Youth in force at Dawn Service
THE Anzac spirit is alive and well among patriotic youths of the Tweed, according to a local priest.
A large turnout of children, teenagers and young adults at the Anzac Day dawn service at Chris Cunningham Park in Tweed Heads was a welcoming sight to Bilambil Heights Reverend John Wessell, a retired Uniting Church minister and ex member of the 41st Battalion.
“To the young people here today, if you follow the example embodied in this day you too will be part of Australia's astonishing and wonderful future,” Rev Wessell said during his service address.
“Australia is a good nation because of the company that is gathered here today.”
Nearly 3000 people were present as the sun broke over the horizon of the Pacific Ocean and bore down upon the water of Jack Evans Boat Harbour at approximately 5.50am on Saturday.
Children as young as five weeks old went with families to the ceremony to pay respects to relatives and friends who once served or currently serve in Australia's armed forces.
Rev Wessell said Anzac Day serves as a reminder of courage, sacrifice and responsibility.
“Anzac Day is the closest thing Australia has to a ritual of its own,” Rev Wessell said.
“It gives us a past that enables us to claim our history, projects us into the future and lets us live in hope.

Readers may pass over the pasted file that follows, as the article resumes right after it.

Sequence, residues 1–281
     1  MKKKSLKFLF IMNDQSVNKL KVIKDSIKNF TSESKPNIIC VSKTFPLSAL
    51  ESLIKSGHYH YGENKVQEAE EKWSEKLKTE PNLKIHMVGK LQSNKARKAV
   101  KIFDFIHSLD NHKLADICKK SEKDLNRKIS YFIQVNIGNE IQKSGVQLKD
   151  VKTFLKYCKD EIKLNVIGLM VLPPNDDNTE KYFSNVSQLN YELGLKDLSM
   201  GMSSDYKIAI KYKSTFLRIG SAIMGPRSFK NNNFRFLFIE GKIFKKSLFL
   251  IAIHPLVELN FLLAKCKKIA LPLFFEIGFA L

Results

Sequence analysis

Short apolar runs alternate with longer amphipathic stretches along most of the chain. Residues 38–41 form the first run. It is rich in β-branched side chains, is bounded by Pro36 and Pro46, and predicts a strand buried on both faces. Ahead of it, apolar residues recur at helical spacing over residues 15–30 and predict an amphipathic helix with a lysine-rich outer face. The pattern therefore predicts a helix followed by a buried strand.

“Today this ritual in which we all share helps us to pay tribute to the men and women who fought to save our nation in its times of need.”
Saturday's service was held at Chris Cunningham Park because the usual location Queen Elizabeth Park in Coolangatta is in the midst of an upgrade.
Other Anzac services were held around the Tweed at Burringbar, Kingscliff, Pottsville, Murwillum- bah, Tumbulgum, Tyalgum and Uki.
Patriots young and old gathered in droves to pay tribute at sunrise, some with the Australian flag draped over their shoulders.
Guests from neighbouring resorts watched from the balconies above.
The morning began with a per- formance by singing group The Blenders before the Silent March accompanied by the TS Vampire Naval Cadet Drum Corp.
Tweed Heads and Coolangatta RSL sub-branch president Joe Russell opened the service with a welcome.
Twin Towns Services Club chairman Michael Fraser and State Member for Tweed Geoff Provest also addressed the crowd before laying of wreaths from Tweed Heads and Coolangatta RSL sub-branch, Rats of Tobruk Gold Coast Branch and one on behalf of the people of the Tweed.
Some were moved to tears during the playing of The Last Post by bugler Ashley Lewis, followed by one minute's silence and a flyover by three aircraft from Air Gold Coast.
Banora Point High School Year 12 student Danielle Glanville led the crowd in a moving performance of the National Anthem to close the 30-minute service.